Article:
Uncharted Creative Territory
My experience collaborating with IDEO.org
As many do, I think of IDEO.org as the poster-child for successful creative process and thoughtful design. So you can imagine my excitement when I—a young, budding designer—was presented with the opportunity to collaborate on an IDEO.org project. It was definitely a “pinch me” moment, even before the project was described to me—and from there it only got better.
The IDEO.org team had been working with Stanford to design a supportive space for teens and young adults, offering services specifically for mental health. The brand they developed, “allcove,” as with all IDEO.org projects, proved to be purposeful. It was the kind of work that fulfills every designer’s desire to create a meaningful solution to a real problem in the world.
I packed my bags and flew to San Francisco, asking no questions. On the plane I reviewed their mid-project share document which summarized the field research and outlined their attentive insights, as well as their brand guidelines for allcove. By the time I landed, I had a complete understanding of the project’s intention and was so impressed that they were able to get me fully immersed before even speaking face-to-face.
Upon arrival, I was warmly welcomed by Seph Lang and Nathalie Collins with lunch and a tour of their space. They didn’t have much briefing to do since their documents had been so thorough, so we dove into concepting environmental prototypes for use in an upcoming session with a focus group of teens. It’s hard to describe, but the moment we sat down together, post-its in hand, I felt like part of the family. I discovered we spoke the same language—this was an exciting realization and major confidence boost.
We were preparing for the prototype, which felt quick since it was my first time conducting research in this way. I was stoked about gaining insight from a focus group, which was probably comical to the team since they literally do it non-stop. We wanted to find out what types of environments the teens would prefer when in an emotional or unstable state of mind.
We decided that the quickest, most effective way to create these mock environments would be to plot backdrops and style them up with a few physical props to make them more immersive. We then wrote out a few scenarios that would put the teens in a mindset of being stressed, unstable and emotional, and planned to prompt them to go to the environment that best suited their needs.
Everything came together so seamlessly, like we’d been working as a team for months. Looking back, I’m curious about how that environment was created from the get-go. Was it the positive, enthusiastic energy everyone possessed? I think it just proves how a project with a higher purpose can drive individuals which impacts a team’s collective attitude, spirit of collaboration and work-flow.
We hosted the prototype, and I couldn’t have been more jazzed. When the teens arrived, they instantly reacted to the room and seemed slightly confused, yet excited, to begin. Seph thoughtfully led the environmental section of the session by reading out the prompts while the rest of us sat back to observe, record audio, take notes, and soak it all in.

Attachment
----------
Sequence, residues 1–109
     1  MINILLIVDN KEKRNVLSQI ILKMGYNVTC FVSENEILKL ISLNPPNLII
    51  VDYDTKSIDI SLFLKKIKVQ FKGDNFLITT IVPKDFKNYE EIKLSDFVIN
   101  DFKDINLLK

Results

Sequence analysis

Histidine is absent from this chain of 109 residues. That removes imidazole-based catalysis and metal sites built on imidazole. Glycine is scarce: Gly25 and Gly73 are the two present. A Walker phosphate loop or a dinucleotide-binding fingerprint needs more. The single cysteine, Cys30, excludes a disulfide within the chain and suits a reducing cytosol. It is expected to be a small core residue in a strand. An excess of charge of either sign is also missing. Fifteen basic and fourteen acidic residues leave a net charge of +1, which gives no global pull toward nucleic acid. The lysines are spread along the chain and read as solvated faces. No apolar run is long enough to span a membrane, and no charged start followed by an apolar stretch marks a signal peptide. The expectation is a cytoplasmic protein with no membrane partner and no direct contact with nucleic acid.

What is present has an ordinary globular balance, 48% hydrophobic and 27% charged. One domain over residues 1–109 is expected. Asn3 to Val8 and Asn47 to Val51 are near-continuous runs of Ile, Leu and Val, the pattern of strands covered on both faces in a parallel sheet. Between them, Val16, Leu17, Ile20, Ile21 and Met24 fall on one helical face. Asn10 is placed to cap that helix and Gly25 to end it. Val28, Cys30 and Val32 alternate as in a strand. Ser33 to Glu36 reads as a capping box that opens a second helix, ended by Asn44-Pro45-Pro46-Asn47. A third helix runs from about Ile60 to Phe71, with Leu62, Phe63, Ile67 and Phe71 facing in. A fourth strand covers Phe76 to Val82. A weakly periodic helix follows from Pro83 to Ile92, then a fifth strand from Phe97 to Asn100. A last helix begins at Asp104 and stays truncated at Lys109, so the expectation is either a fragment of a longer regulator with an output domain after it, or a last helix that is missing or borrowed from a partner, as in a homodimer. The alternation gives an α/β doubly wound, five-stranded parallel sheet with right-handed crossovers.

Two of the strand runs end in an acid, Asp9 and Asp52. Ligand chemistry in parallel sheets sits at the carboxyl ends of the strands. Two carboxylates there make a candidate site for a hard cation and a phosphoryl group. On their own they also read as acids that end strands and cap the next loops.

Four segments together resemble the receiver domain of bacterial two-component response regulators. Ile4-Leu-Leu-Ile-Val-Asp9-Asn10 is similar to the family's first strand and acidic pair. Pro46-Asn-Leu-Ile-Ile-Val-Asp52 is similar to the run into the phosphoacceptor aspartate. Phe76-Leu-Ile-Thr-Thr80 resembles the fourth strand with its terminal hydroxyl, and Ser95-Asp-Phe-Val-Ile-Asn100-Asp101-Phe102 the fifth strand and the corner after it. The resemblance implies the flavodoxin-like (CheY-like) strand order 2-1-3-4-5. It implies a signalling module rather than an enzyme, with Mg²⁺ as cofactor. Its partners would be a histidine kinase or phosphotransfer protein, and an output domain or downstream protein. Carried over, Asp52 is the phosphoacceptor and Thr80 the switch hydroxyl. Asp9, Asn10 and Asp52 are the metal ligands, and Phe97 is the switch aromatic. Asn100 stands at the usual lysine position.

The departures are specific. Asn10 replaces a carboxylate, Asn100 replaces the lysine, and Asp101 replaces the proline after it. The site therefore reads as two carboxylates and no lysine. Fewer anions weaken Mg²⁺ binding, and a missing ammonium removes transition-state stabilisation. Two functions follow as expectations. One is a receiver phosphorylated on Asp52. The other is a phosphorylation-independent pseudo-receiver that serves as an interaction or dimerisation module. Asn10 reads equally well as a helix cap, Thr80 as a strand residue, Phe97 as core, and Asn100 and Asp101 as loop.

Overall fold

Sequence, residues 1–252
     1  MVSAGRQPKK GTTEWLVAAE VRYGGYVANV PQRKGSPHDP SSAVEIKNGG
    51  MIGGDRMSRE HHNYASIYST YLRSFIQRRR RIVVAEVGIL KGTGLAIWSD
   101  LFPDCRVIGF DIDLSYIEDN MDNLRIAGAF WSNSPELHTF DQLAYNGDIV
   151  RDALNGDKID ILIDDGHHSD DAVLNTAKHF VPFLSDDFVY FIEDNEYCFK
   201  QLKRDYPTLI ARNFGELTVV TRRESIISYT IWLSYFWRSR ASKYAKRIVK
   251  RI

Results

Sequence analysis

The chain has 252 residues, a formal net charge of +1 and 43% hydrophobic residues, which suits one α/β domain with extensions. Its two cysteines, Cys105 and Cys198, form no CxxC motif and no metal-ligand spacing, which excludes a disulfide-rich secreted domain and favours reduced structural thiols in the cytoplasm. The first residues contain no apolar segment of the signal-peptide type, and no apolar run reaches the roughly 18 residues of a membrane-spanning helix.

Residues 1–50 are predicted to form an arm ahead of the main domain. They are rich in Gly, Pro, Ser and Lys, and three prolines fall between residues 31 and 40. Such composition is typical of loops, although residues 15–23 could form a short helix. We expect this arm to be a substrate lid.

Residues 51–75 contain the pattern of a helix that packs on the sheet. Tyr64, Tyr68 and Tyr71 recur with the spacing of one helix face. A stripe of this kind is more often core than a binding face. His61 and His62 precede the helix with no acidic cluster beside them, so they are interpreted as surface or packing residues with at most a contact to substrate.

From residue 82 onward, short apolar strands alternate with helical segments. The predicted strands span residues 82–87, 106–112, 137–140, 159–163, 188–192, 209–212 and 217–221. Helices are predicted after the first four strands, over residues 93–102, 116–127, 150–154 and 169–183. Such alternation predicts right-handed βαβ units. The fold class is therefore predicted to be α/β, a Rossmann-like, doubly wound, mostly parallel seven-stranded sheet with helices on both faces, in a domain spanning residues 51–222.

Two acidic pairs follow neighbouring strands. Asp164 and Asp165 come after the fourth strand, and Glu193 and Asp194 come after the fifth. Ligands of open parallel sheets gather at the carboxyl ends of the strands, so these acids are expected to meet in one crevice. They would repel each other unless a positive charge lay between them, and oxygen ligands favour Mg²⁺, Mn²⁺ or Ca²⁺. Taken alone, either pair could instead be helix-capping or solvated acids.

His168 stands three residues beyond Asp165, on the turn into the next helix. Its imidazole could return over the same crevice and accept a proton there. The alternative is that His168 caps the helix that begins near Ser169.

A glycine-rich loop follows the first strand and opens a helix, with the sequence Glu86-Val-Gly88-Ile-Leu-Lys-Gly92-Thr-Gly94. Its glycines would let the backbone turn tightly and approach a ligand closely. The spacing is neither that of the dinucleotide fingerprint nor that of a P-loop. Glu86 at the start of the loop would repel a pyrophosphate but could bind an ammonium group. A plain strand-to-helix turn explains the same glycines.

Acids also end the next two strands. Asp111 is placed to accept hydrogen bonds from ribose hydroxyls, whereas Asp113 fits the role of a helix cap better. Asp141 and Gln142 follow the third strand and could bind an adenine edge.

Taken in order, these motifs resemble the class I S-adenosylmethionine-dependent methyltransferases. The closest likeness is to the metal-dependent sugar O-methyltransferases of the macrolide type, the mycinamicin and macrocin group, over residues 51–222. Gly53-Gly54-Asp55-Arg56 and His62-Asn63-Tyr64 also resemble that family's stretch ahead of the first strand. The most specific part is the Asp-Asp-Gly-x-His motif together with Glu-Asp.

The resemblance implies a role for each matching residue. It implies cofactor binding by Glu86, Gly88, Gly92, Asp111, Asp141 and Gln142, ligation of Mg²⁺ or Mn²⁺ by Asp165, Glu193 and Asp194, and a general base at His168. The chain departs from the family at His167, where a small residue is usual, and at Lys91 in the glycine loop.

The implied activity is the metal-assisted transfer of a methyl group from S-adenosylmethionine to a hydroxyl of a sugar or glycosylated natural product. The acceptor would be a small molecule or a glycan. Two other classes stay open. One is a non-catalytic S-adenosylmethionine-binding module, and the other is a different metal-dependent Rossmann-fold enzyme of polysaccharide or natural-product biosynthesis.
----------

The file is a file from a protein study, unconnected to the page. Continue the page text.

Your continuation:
Slowly I felt more confident in asking the group questions and participating more actively in the prototype. The experience was instantly gratifying because you could physically see their reactions to the environments we created. For most situations, the teens preferred secluded, private, individual space but had moments of gravitating towards the layered tiered, “alone but not alone” seating.
We took all the learnings back to the .org office, recapped them in sticky-notes and discussed how we’d apply them to the user journey.
The time had regretfully come for me to head back to Seattle, but we would collaborate over the next couple weeks through Google Slides and Slack to keep the project rolling. The spatial concepts came together as we iterated through quick sketches and pulled inspirational imagery. This process felt constructive and efficient and wouldn’t have been the same without the in-person introduction. Having experienced the protyping session together, we were completely aligned which made the following creative process super smooth.
Back to IDEO.org.
I flew back to join the team once again as the project was wrapping up. To lock eyes and ensure that everything was buttoned up for the final experiential playbook deliverable. The trust within the team was crucial and I think it’s what allowed the work to be the best it could be. I felt empowered to contribute in my area of expertise but to use my voice outside of it as well. Everyone had the best interest of the project in mind which allowed for a respectful, constructive work space.
During this visit, we ideated ways to visualize environmental principles we formed in response to the prototype. It was a great reminder to never lose sight of the learnings from the field research and that it’s those details that make the work thoughtful and authentic to our audience.
It was an extreme pleasure to work with the IDEO.org team on this project, and I’m so thankful. They made me feel like a valued teammate within our first interactions, which really speaks to the work environment they’ve cultivated. Experiencing another creative group’s process was immeasurably valuable for me as an individual, and will have a ripple effect as I bring it back to my own team in Seattle.
I hope to pass on what I’ve learned, and provide another designer with the same opportunity. The pride I feel in the final work produced through this partnership is something everyone should experience.